Chromosome 22q11.2 Deletion

Also known as: chromosome 22q11.2 deletion syndrome, 22q11.2 deletion syndrome, DiGeorge syndrome, Distal Chromosome 22q11.2 Deletion Syndrome.

What is chromosome 22q11.2 deletion?

Chromosome 22q11.2 deletion is a disorder that occurs when a small part of chromosome 22 is missing at birth. It leads to a wide variety of complications in children born with the disorder.

This condition goes by many names including DiGeorge syndrome, Velocardiofacial syndrome, and Shprinzen syndrome. The different names arose initially because different people used their own clinical descriptions for what was later found to represent one condition that can include a large spectrum of clinical findings. Some individuals will have many of the findings and others few. Therefore, the condition is now called “22q11.2 Deletion syndrome.” Approximately 1 in 4000 people has Deletion 22q11.2 syndrome.

What causes chromosome 22q11.2 deletion?

Deletion 22q11 syndrome is caused by a deletion on the long arm of chromosome 22 at 22q11.2. In body cells, each person has 46 chromosomes that come in 23 pairs. Therefore, each person has two copies of chromosome 22, one copy that is inherited from a person’s mother and the other from a person’s father. Each chromosome is divided into two parts, a short arm called the “p” arm and the long arm known as the “q” arm. In the Deletion 22q11 syndrome, the majority of affected individuals have a small piece missing (called a deletion) from the long (“q”) arm of one of their copies of chromosome 22. This missing genetic material causes the clinical findings of this condition.

In approximately 93 percent of affected individuals, the deletion occurs for the first time in the affected person and was not inherited from the person’s mother or father. However, in approximately 6 percent of affected individuals, the deletion was inherited from a parent who also has the deletion. Once a person has a 22q11.2 deletion, the risk for having a child affected with similar problems is 50 percent.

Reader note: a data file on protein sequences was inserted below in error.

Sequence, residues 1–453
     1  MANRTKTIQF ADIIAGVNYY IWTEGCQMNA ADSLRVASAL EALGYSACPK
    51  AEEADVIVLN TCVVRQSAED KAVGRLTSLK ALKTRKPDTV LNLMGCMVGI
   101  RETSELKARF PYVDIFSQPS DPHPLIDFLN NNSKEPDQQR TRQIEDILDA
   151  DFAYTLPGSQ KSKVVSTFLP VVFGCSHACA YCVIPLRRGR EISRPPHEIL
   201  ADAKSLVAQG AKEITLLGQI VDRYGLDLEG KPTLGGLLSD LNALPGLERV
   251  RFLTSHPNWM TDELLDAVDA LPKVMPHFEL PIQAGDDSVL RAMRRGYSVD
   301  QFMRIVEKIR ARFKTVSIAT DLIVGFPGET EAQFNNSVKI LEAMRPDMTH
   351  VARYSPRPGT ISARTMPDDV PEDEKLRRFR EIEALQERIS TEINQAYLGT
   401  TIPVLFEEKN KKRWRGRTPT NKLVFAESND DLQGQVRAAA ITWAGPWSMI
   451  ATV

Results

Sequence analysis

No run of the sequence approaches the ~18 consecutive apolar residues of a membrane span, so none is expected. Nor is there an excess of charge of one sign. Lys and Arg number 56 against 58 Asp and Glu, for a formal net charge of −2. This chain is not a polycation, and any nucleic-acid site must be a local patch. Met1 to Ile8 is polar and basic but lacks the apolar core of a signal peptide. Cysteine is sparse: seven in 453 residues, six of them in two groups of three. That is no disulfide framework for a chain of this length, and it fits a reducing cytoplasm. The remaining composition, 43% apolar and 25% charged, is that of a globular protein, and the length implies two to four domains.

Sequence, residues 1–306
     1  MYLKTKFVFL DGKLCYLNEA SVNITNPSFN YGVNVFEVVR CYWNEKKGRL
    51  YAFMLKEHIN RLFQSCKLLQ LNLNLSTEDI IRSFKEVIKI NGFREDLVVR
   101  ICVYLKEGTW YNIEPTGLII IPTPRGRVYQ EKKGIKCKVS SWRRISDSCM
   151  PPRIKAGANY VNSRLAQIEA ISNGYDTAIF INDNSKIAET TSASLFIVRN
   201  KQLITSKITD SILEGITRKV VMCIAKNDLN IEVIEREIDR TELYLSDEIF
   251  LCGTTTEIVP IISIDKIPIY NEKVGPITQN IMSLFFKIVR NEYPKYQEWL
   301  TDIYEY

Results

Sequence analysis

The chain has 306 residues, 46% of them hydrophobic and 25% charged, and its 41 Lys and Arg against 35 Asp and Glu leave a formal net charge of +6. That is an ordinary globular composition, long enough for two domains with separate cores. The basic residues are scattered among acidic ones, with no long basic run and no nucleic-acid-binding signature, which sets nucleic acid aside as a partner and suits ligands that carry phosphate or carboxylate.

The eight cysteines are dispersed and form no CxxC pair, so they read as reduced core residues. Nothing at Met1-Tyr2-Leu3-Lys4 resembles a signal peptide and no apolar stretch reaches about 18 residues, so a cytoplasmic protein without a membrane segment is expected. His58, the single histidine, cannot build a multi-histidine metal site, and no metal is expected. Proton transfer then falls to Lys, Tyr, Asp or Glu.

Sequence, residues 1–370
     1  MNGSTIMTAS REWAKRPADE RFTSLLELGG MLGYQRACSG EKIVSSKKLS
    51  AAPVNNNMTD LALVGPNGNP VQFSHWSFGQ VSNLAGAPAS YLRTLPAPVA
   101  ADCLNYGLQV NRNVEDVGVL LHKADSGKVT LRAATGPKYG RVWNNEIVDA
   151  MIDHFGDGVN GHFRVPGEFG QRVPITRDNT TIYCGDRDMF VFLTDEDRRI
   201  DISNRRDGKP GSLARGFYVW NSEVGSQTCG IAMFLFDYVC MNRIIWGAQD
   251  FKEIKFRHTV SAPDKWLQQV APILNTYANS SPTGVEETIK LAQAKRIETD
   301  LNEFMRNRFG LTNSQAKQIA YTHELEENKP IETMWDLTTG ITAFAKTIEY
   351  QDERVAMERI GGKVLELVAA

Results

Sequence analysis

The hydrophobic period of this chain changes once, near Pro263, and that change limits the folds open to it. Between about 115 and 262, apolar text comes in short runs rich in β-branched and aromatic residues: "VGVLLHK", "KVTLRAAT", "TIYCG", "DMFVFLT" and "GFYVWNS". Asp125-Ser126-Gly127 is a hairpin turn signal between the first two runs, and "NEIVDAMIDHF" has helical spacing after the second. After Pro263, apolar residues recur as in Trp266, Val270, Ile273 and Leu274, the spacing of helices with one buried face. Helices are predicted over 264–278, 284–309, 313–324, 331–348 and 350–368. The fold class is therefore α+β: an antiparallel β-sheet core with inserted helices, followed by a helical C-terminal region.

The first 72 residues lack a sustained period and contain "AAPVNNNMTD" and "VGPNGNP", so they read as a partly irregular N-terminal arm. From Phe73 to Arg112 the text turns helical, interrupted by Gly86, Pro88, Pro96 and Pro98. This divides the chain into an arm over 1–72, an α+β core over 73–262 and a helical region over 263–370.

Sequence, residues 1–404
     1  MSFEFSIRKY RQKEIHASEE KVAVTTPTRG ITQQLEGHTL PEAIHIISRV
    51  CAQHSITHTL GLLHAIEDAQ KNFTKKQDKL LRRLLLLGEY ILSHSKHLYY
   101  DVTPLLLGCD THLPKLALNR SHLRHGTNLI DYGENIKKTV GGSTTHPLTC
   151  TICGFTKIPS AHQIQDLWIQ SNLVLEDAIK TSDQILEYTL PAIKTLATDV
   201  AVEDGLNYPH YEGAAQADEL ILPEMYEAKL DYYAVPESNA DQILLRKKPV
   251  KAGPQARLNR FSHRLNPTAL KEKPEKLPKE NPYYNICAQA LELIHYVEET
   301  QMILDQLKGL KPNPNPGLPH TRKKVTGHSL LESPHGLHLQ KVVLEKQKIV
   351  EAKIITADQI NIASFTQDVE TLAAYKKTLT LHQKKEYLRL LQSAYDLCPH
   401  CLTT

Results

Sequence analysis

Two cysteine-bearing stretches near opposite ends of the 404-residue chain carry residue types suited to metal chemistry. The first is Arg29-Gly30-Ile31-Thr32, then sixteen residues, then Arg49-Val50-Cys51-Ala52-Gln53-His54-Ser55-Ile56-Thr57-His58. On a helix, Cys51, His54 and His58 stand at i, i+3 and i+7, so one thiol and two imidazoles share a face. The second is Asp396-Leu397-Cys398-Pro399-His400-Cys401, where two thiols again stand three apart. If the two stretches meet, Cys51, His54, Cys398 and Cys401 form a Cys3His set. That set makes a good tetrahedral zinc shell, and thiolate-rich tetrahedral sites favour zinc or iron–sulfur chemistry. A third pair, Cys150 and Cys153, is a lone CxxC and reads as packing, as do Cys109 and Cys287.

What are the symptoms of chromosome 22q11.2 deletion?

A wide variety of symptoms are related to chromosome 22q11.2 deletion. They include:

  • Congenital heart defects(approximately 74 percent)
  • Palatal abnormalities including cleft palate, submucous cleft palate, and velopharyngeal insufficiency (VPI). VPI results in hypernasal speech. Approximately 64 percent of affected children have palatal abnormalities.
  • Immune system deficiency is found in 77 percent of affected children and results in decreased production of T-cells which usually help fight infection.
  • Feeding difficulties
  • Hearing loss
  • Learning and developmental delays
  • Low blood calcium
Characteristic craniofacial features include: over folded or squared off ear helices, cupped or prominent ears, prominent nasal bridge with a round tip of the nose.

What are chromosome 22q11.2 deletion care options?

With proper management, the prognosis for most children with this condition is positive. With careful attention to speech, cardiac, immune, and learning issues, these children will attend school, have friends, and most of all enjoy life. With close follow-up by a craniofacial team and/or clinical genetics, these children can grow to healthy and happy adults.


Reviewed by: Parul B Jayakar, MD

This page was last updated on: November 16, 2020 02:02 PM

Chromosome 22q Clinic

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